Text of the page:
Last Sunday we began reading from the sixth chapter of the Gospel according to John. This chapter is so lengthy that the liturgy has divided it into five parts over five Sundays. The story began last Sunday with the familiar episode of the miracle of the loaves. Jesus fed five thousand people with five barley loaves and a couple of fish. The importance of this event can be seen in the fact that it is the only miracle of Jesus which is recorded in all four Gospels. The manner in which it is related by each evangelist leads people of faith to think of the Eucharist.
"We hold these truths to be self-evident, that all men are created equal"....On this 4th of July weekend, consider with me the importance of these words. First, that we were created. A belief in God is the foundation on which our nation was begun. We did not spring out of the earth, or simply evolve from an ape. We were created; a divine hand is responsible for our existence. No human fabrication, no king, no government can account for who we are. Our human spirit and our human dignity are from God's hand. And as our nation tries to move forward I am mindful of Pope Francis who said: Building bridges between people is not possible unless God is acknowledged.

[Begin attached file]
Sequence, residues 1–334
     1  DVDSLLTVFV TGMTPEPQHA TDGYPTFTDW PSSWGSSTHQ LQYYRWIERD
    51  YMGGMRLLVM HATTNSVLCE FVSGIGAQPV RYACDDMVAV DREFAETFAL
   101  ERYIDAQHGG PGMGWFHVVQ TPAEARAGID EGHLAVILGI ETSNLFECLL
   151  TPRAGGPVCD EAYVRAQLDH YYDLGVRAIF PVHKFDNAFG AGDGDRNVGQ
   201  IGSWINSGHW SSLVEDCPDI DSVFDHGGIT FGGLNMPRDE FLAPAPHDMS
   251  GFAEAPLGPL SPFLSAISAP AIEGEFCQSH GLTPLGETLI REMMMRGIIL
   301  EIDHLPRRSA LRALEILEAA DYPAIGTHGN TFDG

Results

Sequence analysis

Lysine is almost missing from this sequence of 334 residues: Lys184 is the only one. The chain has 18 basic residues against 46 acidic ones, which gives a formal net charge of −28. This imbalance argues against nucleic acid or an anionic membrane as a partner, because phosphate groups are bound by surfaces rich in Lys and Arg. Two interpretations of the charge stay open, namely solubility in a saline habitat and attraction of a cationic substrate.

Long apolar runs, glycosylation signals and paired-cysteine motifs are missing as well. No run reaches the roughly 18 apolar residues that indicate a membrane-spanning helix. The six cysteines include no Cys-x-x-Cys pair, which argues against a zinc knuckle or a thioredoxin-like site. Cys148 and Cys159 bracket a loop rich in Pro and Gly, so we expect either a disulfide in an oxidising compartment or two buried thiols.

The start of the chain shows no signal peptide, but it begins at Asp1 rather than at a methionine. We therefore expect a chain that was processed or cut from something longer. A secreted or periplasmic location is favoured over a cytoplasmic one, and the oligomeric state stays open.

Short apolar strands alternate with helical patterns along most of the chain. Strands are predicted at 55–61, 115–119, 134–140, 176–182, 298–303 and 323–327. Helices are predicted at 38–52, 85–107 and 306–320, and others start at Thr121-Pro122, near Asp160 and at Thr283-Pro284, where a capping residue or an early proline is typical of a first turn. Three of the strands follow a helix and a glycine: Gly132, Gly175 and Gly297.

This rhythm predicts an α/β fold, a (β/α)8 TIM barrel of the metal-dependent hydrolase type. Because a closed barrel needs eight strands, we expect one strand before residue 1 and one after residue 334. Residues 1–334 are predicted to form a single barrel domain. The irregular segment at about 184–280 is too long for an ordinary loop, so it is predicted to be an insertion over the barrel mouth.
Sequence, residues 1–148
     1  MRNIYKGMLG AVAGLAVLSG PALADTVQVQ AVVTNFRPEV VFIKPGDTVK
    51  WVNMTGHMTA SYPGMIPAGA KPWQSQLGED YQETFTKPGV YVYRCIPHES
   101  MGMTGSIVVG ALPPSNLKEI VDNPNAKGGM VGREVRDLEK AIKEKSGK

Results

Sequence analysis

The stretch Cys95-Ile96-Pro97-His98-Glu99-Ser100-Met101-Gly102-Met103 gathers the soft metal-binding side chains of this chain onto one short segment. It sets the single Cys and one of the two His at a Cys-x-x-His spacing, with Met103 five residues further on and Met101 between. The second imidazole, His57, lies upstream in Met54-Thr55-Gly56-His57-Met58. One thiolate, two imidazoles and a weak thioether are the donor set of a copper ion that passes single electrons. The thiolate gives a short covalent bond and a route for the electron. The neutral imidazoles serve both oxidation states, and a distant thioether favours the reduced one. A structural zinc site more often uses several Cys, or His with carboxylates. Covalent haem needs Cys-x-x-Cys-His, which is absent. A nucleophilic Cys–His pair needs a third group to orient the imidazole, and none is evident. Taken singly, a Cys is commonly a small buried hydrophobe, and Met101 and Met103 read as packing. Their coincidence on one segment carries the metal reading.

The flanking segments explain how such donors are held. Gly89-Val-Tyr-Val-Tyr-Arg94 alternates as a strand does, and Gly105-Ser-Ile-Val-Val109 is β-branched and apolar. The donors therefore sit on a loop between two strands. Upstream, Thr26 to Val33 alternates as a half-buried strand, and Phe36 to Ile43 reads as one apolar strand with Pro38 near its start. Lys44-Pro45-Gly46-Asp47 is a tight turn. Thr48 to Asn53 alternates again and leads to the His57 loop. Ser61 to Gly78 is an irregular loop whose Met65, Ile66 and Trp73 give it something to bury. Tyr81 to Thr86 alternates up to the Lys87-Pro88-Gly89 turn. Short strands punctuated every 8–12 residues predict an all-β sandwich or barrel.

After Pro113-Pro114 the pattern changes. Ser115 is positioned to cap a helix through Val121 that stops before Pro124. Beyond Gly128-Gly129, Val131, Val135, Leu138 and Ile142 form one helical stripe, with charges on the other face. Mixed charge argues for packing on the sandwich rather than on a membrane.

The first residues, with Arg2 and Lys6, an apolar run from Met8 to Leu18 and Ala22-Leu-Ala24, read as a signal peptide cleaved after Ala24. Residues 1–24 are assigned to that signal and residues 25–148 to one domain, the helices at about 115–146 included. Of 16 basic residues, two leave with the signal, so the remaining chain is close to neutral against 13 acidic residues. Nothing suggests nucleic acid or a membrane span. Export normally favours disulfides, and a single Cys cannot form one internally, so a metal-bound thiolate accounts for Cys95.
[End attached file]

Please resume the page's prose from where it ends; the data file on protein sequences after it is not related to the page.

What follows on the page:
Jarius is a man filled with faith and desperation; his 12 year old daughter is near death. He runs through town, finds Jesus and falls at his feet. Come quickly!...Without hesitation Jesus follows, Jairus leading him through the crowd. Suddenly Jairus looks back and Jesus is no longer following. Rather he has stopped and a crowd is gathering around him.
Dear Sisters and Brothers in Christ,
Happy Father's Day! God bless all you men whom God has called to lead your family. May God give you the grace to fulfill that vocation to which you have been called.
Being a father carries many responsibilities. No wonder so many run away from this calling. You must provide for your families materially, spiritually and emotionally. You must bring home the bacon, be a leader of prayer, and be a rod and staff that give your families courage.
Someone has pointed out that our understanding of God, the Father, is heavily influenced by our experience of our earthly fathers. No human father is perfect, or even close to it. We are all dysfunctional to some extent. But, if we have experienced kindness and compassion in our fathers on earth, then that will go a long way to trusting our Father in heaven. And unfortunately the reverse is also true: Bad paternal experiences make it difficult to pray.
May you all enjoy the warmth and affection of your families today.